SXSW's only Ukrainian artist at stirring Austin showcase: 'I think we will make it'
An all-star cast of top Austin talent on Saturday took the stage at Speakeasy to play a special South by Southwest show: Austin Stands With Ukraine. The show came together at the last minute, as Austin music elder statesman Charlie Sexton joined a roster of locals to stand in for the Ukrainian artists who were unable to attend because of the war with Russia that's devastating their country. Only one Ukrainian artist, Oleksandra Zaritska, lead singer of the popular dance rock band KAZKA, made it to the festival.
The audience was polite and responsive to husband/wife duo Ghost Wolves, who rocked the stage around 10 p.m., wearing matching T-shirts that said "Make Rock 'n' Roll Not War." (Other artists on the bill included Jackie Venson and Chief Cleopatra.)
The crowd was particularly attentive when guitarist Carley Wolf talked about the friendship the band forged with Ukrainian band the Hypnotunez. The band currently is helping refugees who are trying to flee the country, and the Wolves have raised more than $1,200 through their fan network to support the effort. They've set up a GoFundMe to encourage other bands to tap their fans to donate, too,
But for the audience — many of whom carried blue-and-yellow Ukrainian flags, hanging them over the edge of the balcony, wrapping them around their bodies like a cape — there was really only one artist on the bill.
As the Wolves finished their set, the crowd pressed forward in anticipation of the performance by Zaritska, who goes by Sasha. Christian Ray Flores, co-founder of the Ukraine Relief Network, said Zaritska had just left the country a few days earlier. Before that, she was working with her band to construct heavy mesh coverings for bomb shelters in Kyiv.
Flores encouraged the crowd to come to a rally for Ukraine at 1 p.m. Sunday at the Capitol. Then he called the European pop star to the stage, along with ACL Radio DJ Andy Langer, who introduced her and conducted a brief interview.
Zaritska talked about how difficult it was to travel to Austin by herself. "All of my guys are there protecting my country in Kyiv. I really miss them," she said.
She was overwhelmed by the kindness she was greeted with in Austin. She had expected to play the festival solo, but Austin rallied to make sure that wouldn't happen. Michelle Daniel from UT's Center for Russian, East European, and Eurasian Studies assembled a three-piece band to help her recreate her hits and worked with Louie Carr, an industry professional who manages Venson helped bring the showcase to life.
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Before Zaritska started her set, Langer invited her to sing the Ukrainian national anthem, and the emotion hung heavy in the air as at least half of the audience raised their voices for their besieged homeland.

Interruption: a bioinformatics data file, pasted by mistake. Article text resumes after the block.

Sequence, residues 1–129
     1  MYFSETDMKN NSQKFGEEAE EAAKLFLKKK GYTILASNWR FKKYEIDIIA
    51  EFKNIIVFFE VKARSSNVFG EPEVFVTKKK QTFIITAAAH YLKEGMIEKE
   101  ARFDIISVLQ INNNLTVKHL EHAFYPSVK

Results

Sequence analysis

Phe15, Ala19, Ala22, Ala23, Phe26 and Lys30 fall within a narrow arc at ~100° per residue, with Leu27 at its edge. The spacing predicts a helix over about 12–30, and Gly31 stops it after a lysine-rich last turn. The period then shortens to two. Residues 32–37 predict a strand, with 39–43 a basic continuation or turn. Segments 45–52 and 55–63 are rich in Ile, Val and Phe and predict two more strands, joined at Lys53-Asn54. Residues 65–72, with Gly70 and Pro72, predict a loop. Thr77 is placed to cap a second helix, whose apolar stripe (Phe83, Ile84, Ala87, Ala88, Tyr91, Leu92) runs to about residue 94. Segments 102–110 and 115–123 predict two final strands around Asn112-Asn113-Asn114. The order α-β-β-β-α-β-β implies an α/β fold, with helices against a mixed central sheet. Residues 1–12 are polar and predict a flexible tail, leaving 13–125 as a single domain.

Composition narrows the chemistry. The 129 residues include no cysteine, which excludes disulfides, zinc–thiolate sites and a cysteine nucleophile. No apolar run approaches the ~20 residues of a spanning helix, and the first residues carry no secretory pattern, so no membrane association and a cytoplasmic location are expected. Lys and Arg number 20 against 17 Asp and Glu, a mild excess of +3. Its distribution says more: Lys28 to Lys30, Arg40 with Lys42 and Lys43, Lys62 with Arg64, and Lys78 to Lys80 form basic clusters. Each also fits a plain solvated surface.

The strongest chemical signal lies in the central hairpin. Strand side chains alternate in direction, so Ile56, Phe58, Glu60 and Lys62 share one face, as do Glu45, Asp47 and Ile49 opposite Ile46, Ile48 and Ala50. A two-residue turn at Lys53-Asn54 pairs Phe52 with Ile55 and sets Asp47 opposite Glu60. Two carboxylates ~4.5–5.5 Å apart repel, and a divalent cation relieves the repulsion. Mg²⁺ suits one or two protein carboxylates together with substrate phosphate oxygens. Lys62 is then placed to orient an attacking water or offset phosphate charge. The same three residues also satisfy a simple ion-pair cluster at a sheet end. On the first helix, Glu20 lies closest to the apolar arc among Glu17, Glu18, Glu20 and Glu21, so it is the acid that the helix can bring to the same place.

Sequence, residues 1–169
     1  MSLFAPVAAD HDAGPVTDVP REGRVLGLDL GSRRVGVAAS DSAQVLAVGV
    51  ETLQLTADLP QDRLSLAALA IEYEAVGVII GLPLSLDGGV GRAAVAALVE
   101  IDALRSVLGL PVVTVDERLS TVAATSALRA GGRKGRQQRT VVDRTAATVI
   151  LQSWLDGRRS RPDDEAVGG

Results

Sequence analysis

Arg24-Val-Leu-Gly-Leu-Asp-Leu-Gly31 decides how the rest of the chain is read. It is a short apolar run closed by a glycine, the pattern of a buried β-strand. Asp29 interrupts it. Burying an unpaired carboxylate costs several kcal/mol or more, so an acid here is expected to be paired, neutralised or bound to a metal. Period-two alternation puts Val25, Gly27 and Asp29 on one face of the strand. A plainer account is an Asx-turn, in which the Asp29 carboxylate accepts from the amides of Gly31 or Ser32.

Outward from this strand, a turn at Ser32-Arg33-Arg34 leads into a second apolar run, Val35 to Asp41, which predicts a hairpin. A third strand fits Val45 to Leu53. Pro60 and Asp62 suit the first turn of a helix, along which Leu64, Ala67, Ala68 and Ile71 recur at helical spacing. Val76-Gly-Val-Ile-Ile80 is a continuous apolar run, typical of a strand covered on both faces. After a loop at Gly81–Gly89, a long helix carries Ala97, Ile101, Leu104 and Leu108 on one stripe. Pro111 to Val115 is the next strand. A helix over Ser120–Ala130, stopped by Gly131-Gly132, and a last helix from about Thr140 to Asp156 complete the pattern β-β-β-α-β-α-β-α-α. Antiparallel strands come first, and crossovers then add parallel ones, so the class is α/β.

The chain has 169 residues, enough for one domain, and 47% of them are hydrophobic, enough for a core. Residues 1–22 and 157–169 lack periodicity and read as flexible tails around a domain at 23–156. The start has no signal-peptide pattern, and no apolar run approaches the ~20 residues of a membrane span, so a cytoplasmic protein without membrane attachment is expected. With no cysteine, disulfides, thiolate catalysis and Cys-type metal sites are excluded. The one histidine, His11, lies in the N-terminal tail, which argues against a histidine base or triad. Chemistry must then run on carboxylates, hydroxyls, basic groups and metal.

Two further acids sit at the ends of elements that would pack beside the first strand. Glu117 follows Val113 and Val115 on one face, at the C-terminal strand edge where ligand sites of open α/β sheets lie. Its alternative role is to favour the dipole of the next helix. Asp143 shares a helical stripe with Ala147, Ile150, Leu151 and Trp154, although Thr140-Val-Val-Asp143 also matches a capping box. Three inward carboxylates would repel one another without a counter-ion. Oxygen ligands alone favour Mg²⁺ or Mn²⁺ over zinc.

As Zaritska left the stage briefly, a chant went through the crowd: "KAZKA, KAZKA, KAZKA." She returned as her rock-star self, ready to prove to Austin why her band, with more than a billion online streams, is one of the most popular acts in Eastern Europe.
She shook her hip-length hair from side to side, waved the Ukrainian flag and sang her heart out. At one point, she grabbed a water bottle and sprayed the front of the crowd like they were at a rock arena.
While she allowed herself the cathartic release of the music, Zaritska paused occasionally to acknowledge the somber circumstances surrounding her appearance. "Every day, civilians die in Ukraine. Every day, children die in Ukraine," she said.
Her backing ensemble included Bryan Ray on guitar, Ryan Hagler on bass and Charlie Harper on drums. They were solid, but Zaritska reminded the audience that the band had just come together an hour before the show began. She described the set as "a little bit improvisation," as she asked for the audience's support.
The crowd was with her 100%, singing whole-heartedly to her popular tracks and riding a wave of ebullience to a sweeping a capella moment, as she closed the main part of her set with the smash hit "Plakala."
Then, joined by Sexton and Gary Heimbauer, she played a gripping rendition of Bob Dylan's "Masters of War." She furiously spat the lyrics of the great American songwriter's indictment of war mongers. It was a blistering performance, with Zaritska using her voice to drive the words like daggers into the hearts of those who deserve her righteous wrath.
While the bleak circumstances surrounding the event were evident, the mood in the room throughout the show had an air of celebratory determination.
"Russia is so big, and Ukraine is like a little one, but we have people and we have (bravery)," Zaritska said before her set.
"There are boys, girls. There are mothers. There are children. There are old men and old women all standing for Ukraine, and I think we will make it," she said. "I think everything will be alright."